Remarks by Under Secretary for Terrorism and Financial Intelligence Brian Nelson at the Georgetown University School of Foreign Service

As Prepared for Delivery

Good evening. Thank you to Rod, the Landegger Program, and the wider School of Foreign Service for bringing us together today, and thank you to everyone in the audience for joining me.

I’m Brian Nelson, Treasury’s Under Secretary for Terrorism and Financial Intelligence—which we refer to here as TFI. My office is responsible for leading U.S. government efforts to counter illicit finance and using financial tools to respond to national security threats.

Part of TFI’s mission is protecting the U.S. financial system from harm, including from those who enable criminal activity— which is the topic we have come together to discuss this evening.

As the world’s largest economy, the United States has a unique responsibility. Trust in our financial system, and in the dollar, drives investment, fosters entrepreneurship, and creates opportunity for Americans and prosperity for our country. But this trust also has ripple effects on the rest of the world.

For Treasury and TFI, protecting the strength of the U.S. financial system is paramount — especially from those who seek to corrupt it, exploit it, or use it to hide or launder illicit funds. For decades, a panoply of dangerous actors from terrorist financiers to human traffickers, fraudsters, and U.S. adversaries have taken advantage of regulatory gaps in America’s financial system to move dirty money through the United States.

That is why our regulatory agenda seeks to detect and deter illicit financial activity, address vulnerabilities in our financial system, and shield our economy from criminal exploitation. The Biden-Harris Administration is taking a series of historic actions to close regulatory loopholes and shine light on the financial shadows where illicit actors operate. These actions—which are key missing pieces to one big puzzle—will advance U.S. economic and national security, protect everyday Americans from crime, stop illicit actors in their tracks, and ultimately bolster that all-important trust in our financial system.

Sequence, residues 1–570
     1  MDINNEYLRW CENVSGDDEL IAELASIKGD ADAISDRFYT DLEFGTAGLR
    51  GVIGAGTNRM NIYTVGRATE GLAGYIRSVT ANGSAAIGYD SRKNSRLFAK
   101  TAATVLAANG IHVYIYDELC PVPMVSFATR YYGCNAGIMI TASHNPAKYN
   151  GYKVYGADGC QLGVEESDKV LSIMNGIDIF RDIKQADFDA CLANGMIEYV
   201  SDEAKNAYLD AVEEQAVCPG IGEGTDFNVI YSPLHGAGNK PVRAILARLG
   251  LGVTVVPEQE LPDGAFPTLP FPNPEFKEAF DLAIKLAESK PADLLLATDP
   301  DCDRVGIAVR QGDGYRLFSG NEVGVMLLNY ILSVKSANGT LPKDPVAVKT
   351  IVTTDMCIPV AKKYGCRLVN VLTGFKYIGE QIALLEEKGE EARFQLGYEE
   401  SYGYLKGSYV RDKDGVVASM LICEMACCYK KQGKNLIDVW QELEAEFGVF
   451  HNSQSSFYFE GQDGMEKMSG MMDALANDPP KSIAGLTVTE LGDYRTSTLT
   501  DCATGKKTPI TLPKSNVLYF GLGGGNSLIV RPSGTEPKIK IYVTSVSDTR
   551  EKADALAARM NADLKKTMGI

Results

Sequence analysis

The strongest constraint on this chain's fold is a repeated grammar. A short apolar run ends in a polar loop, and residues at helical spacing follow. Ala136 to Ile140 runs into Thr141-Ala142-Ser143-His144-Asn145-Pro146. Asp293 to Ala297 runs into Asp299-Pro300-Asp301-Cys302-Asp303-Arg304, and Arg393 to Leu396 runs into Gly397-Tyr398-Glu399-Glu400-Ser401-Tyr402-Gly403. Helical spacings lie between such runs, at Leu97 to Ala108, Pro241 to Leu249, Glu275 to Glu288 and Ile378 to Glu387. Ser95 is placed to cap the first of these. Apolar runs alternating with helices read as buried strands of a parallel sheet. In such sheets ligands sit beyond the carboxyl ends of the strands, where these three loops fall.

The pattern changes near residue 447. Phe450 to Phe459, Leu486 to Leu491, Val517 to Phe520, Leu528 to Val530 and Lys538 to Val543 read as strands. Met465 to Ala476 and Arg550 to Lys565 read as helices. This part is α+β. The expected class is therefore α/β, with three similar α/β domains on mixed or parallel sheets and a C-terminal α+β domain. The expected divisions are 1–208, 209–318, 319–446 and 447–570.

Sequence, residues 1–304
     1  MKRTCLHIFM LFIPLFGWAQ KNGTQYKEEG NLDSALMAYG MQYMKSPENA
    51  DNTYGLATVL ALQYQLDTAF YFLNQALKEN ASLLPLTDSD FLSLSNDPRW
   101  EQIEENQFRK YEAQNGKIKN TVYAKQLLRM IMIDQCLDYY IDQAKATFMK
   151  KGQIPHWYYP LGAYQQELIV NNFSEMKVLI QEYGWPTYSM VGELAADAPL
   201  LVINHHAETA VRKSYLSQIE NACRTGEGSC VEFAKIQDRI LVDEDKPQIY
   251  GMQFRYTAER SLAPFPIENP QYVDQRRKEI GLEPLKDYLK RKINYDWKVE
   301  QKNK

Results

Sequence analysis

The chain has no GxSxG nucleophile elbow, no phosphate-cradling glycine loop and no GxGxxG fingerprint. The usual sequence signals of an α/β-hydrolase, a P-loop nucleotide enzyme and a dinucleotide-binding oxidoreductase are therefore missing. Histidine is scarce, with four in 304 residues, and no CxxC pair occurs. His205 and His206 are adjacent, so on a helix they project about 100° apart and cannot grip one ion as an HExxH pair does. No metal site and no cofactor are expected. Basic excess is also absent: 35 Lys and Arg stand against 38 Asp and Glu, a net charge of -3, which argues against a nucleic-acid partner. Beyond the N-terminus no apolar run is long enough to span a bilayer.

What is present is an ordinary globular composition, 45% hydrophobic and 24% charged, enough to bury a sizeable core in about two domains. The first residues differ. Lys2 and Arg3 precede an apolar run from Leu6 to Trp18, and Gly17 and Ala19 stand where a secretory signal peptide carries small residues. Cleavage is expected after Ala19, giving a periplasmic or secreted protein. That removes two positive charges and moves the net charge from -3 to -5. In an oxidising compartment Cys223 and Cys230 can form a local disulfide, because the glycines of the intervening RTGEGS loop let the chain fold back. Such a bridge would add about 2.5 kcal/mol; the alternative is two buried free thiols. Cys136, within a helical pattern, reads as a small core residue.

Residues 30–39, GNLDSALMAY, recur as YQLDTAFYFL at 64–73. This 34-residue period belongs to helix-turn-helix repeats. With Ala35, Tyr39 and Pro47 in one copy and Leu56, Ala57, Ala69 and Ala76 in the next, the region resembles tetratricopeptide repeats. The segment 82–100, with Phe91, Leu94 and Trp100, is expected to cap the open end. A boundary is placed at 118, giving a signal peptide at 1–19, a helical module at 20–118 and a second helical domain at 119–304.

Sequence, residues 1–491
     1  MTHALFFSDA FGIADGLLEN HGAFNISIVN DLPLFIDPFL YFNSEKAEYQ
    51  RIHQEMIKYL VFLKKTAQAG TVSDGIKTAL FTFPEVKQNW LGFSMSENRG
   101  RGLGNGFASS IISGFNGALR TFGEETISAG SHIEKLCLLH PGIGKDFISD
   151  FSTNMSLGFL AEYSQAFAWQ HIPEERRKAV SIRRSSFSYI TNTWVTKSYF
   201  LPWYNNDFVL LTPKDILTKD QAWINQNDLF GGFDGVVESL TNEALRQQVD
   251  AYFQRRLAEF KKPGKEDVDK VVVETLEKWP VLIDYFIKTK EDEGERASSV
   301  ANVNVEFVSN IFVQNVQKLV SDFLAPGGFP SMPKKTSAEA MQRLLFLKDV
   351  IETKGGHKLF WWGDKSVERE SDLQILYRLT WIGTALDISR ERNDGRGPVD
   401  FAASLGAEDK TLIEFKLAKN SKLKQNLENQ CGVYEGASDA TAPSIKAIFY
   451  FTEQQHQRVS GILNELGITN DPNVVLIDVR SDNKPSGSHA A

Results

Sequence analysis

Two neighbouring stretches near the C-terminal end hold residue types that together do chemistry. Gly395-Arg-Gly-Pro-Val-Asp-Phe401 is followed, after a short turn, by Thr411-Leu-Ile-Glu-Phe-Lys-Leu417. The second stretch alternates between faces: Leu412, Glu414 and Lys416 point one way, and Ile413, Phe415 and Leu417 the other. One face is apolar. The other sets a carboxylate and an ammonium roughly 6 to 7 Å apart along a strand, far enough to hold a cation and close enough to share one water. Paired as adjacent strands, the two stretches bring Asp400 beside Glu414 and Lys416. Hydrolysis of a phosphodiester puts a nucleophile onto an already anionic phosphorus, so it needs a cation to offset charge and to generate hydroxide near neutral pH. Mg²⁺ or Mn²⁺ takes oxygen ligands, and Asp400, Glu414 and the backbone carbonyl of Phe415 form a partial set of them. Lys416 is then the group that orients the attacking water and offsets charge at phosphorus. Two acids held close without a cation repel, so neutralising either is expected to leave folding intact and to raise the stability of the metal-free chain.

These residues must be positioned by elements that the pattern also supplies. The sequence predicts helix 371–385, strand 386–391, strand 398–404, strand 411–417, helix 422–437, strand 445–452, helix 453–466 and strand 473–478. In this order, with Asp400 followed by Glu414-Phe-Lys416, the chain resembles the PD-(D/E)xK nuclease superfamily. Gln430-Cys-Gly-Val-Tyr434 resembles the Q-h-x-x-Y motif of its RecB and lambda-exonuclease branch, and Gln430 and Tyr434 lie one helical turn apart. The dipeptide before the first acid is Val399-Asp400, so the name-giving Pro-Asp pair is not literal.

In January, as part of the implementation of a bipartisan law—the Corporate Transparency Act—the Treasury Department took an important step to uncover the true owners of anonymous shell companies, which have been a favorite tool for kleptocrats, criminals, and U.S. adversaries seeking to exploit the U.S. financial system for nefarious purposes. They hide behind these opaque companies to launder the proceeds of drug trafficking, move embezzled funds, and finance terrorism. In extreme cases, Iranian, Russian, and North Korean actors have even used American shell companies to fund their weapons programs and procure sensitive military equipment.

Anonymous shell companies have also enabled fraudsters, scammers, and tax cheats to get an unfair leg up on law-abiding American businesses. By unmasking anonymous companies, we are rooting out bad actors from the U.S. economy and fostering a level playing field for small businesses and hardworking Americans.

In February, Treasury published a regulatory proposal to safeguard the residential real estate market from similar abuse. One study found that bad actors, including human traffickers and Russian oligarchs, were able to anonymously launder more than $2.3 billion in illicit funds through the U.S. real estate market from 2015 to 2020, parking their dirty money in our neighborhoods and exploiting our communities.

Left unchecked, this activity can distort housing market prices and make it more difficult for the average American to afford a home. By collecting information on the owners and finances behind certain types of residential real estate transactions, we are working to prevent abuse across the U.S. housing market on behalf of the American public.

Another essential puzzle piece is Treasury’s regulatory proposal to protect the investment adviser sector from abuse, which we also published in February. Billions of dollars belonging to Russian elites have been managed by U.S. investment advisers, bolstering Putin’s war machine in Ukraine. Chinese state actors have also used investments to quietly gain access to sensitive and emerging U.S. technologies, disadvantaging cutting-edge American innovation and weakening our economic competitiveness. Our proposal will crack down on this and other harmful behavior by, among other things, ensuring that certain investment advisers develop and maintain anti-money laundering compliance programs and take steps to detect and report suspicious activity.